It is possible that he will be elected President.

Once I recovered from that realization, and the dry-heaving that accompanied it, I took some time to seriously reconsider my opinions.  Here is what I have decided: I still don’t think he can win.  I still think a Trump nomination, or a Cruz nomination, to be fair, would absolutely devastate the Republican hopes of retaking the White House, and could help down-ticket.

I’m going to dial back the giddiness, however, until November 8th, circa 11pm Eastern Standard Time.

 

 

Published in: on February 12, 2016 at 1:44 pm  Leave a Comment  
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Money Screams

Is money in politics an intractable problem?

Courtesy of my Aunt Mikki, I read a fascinating article today about Lawrence Lessig’s Quixotic quest to bring about an “atomic” change to campaign finance law.  His approach is to help elect candidates pledging to support reform, but as even he concedes, any laws restricting spending are likely to be struck down as unconstitutional.

In my view, the Supreme Court has truly made this an intractable problem.  The issue is very real: in order to secure election, a candidate needs to raise hundreds of thousands of dollars for every office.  Senate campaigns require millions.  Presidential races will soon be billion dollar enterprises.

This means, in practical terms, that our representatives are really only part-time public servants.  A large portion of their time must be spent courting donors and dialing for dollars.  This is an acknowledged problem, and a vast majority of us think it should be fixed.  A vast majority of us are also convinced that it won’t be.

Lessig is a great thinker; I most admire his effort to establish Creative Commons to address draconian copyright laws.  He is not a very savvy political operator, and from the narrative it appears the he reached too far, too fast.  Whether his efforts are ever met with success on the electoral front remains to be seen.

I want to address a more fundamental question: if we were able to reform campaign finance, what would the result look like?

After considering the problems and the extreme limitations on any effort at reform, I am most intrigued by a set of rules that would dramatically impair the right to use money on races outside one’s district or state of residence.  It would look something like this:

Only individuals (read: people, with flesh and blood, corporations and other entities excluded) can contribute to political campaigns.  There is no maximum limit on such contributions.  However, individuals can only contribute to races for seats that directly represent them in government, based on their actual residence.  All donations will be a matter of public record.  So-called “issue ads” are entirely permissible, but for nine months preceding an election, they may not use the name or likeness of a candidate.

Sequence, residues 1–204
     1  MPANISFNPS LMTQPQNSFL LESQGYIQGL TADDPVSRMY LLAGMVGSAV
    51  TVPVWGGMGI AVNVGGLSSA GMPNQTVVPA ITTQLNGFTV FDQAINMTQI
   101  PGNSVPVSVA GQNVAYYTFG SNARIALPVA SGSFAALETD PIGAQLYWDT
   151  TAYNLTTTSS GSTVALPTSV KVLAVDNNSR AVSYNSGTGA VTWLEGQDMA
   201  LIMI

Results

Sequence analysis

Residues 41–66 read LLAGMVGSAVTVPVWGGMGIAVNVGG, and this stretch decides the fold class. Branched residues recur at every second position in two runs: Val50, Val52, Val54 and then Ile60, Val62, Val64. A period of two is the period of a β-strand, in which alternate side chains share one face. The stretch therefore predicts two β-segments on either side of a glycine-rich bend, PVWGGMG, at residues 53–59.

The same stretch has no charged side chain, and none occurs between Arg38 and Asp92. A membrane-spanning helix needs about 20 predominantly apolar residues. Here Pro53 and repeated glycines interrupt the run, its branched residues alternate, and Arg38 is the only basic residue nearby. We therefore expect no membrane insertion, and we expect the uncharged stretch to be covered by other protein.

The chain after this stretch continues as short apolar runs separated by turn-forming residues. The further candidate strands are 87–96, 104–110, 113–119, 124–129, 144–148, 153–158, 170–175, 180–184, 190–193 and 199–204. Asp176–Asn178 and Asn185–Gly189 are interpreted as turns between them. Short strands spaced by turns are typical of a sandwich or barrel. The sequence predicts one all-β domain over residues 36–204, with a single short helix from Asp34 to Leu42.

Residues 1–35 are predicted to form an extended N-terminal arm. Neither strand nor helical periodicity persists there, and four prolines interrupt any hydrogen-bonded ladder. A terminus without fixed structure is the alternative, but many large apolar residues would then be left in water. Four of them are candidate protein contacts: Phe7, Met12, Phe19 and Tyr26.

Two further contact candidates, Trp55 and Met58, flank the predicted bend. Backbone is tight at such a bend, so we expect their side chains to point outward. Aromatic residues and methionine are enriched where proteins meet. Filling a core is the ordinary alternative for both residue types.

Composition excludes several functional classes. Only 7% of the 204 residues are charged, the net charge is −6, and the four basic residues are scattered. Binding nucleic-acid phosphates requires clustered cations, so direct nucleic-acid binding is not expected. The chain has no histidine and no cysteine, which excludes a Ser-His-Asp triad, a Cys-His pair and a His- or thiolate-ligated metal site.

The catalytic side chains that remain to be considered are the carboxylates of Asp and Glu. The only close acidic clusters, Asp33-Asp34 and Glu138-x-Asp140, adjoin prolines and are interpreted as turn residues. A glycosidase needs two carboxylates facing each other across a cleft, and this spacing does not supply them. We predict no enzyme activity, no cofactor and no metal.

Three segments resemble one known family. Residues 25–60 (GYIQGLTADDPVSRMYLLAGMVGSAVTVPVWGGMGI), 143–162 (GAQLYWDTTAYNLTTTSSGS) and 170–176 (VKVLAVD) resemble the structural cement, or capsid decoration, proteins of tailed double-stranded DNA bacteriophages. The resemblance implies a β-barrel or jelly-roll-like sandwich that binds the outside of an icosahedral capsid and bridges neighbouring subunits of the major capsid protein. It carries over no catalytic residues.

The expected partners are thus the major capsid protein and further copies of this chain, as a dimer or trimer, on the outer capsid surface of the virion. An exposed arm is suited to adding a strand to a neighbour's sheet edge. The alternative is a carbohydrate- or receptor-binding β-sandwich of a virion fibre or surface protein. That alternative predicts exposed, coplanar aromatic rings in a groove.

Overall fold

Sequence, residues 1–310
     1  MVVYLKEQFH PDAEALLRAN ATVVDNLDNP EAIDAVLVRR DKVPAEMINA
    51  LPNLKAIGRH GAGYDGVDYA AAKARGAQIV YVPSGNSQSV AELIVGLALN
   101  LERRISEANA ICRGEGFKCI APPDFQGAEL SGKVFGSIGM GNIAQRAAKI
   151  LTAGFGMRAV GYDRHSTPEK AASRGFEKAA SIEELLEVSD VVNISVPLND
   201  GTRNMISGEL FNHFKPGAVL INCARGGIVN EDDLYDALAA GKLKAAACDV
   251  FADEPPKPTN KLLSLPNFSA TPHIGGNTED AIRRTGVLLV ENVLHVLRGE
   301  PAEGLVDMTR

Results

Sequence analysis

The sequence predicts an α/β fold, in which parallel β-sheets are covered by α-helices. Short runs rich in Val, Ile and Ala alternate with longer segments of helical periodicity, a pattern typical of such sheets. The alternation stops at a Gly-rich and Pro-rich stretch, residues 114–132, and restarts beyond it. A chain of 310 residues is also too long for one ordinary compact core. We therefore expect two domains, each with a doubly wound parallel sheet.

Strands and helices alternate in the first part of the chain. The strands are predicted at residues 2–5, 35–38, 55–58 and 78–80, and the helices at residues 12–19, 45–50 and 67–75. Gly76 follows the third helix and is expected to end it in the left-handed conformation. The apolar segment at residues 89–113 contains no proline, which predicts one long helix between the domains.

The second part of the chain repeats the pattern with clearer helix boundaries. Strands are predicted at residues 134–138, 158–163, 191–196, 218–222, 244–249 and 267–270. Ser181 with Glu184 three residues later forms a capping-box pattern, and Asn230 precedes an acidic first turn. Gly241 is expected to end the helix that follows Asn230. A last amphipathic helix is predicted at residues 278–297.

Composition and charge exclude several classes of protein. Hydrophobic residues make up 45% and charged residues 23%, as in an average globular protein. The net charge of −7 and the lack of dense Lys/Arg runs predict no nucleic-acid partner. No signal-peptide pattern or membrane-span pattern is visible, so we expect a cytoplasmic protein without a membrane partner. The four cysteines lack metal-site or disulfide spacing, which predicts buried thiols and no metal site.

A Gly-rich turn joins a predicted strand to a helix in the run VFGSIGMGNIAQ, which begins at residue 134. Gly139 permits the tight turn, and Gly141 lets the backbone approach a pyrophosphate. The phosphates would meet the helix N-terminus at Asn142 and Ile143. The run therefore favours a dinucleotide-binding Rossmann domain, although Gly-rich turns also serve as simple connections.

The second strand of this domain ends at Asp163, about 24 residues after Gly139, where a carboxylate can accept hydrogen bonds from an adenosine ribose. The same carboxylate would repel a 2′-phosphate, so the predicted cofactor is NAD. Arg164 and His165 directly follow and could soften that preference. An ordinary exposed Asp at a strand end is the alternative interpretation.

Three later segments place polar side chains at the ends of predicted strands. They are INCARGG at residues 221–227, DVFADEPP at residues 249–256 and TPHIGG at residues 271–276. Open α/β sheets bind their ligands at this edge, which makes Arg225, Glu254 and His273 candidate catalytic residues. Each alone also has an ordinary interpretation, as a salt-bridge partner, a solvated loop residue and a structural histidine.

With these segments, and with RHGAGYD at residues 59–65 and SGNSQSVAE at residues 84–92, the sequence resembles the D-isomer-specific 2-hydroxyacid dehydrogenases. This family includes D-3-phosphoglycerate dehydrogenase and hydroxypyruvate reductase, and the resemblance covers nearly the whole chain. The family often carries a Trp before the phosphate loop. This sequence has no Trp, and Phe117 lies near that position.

Here is my reasoning: if we start from the premise that the Supreme Court treats monetary donations as a form of speech, we have to be very careful about restricting it.  Hence, no limit on individual expenditures.  The protections usually afforded by the option of anonymity in speech is in this case trumped by the compelling governmental interest in election transparency.

There is also legal precedent for restricting money-as-speech rights for outsiders.  We already restrict foreign citizens from contributing to our elections.  A restriction barring a Nevada resident from giving money to a Delaware senate race is a reasonable restriction to prevent Sheldon…ahem…said Nevada resident from exercising an undue amount of influence on an election for an office that does not represent him, er, them.

Similarly, these rules address the farcical distinction drawn by the Citizens United decision regarding “coordination” or “direct electoral appeals.”  First of all, I believe the constitutional concerns regarding association and speech are equally present in a rule forbidding “coordination,” if that rule has any real substance at all.  Isn’t engagement and association the backbone of democratic government?  Additionally, permitting ads saying “Senator Such and Such is a terrible human being, let him know!” while prohibiting ads saying “Vote against Senator Such and Such” makes little sense.  Both ads have comparable effects.

Prohibiting candidate names and likenesses while permitting issue ads means that only voters who actually know the issues on some level can be persuaded/manipulated by a high-dollar ad campaign.  The more aware a voter is, the less likely they are to be persuaded by crappy political advertisements.

There are, of course, several downsides to this approach. A billionaire activist could simply overwhelm his local house race under this rule, giving an unlimited amount of money directly to the campaign.  This concern is somewhat mitigated by the transparency rule.  Since the identity of the donor and the amount of the contributions are public, both the media and other concerned citizens could scrutinize these contributions and factor them in when casting their ballots.  “We all hate Mr. Moneybags, he has been a blight on our community, and he’s given a half million dollars to Senator Such and Such” would be an available line of attack, especially on a local level where the big contributors can be quickly identified and assessed.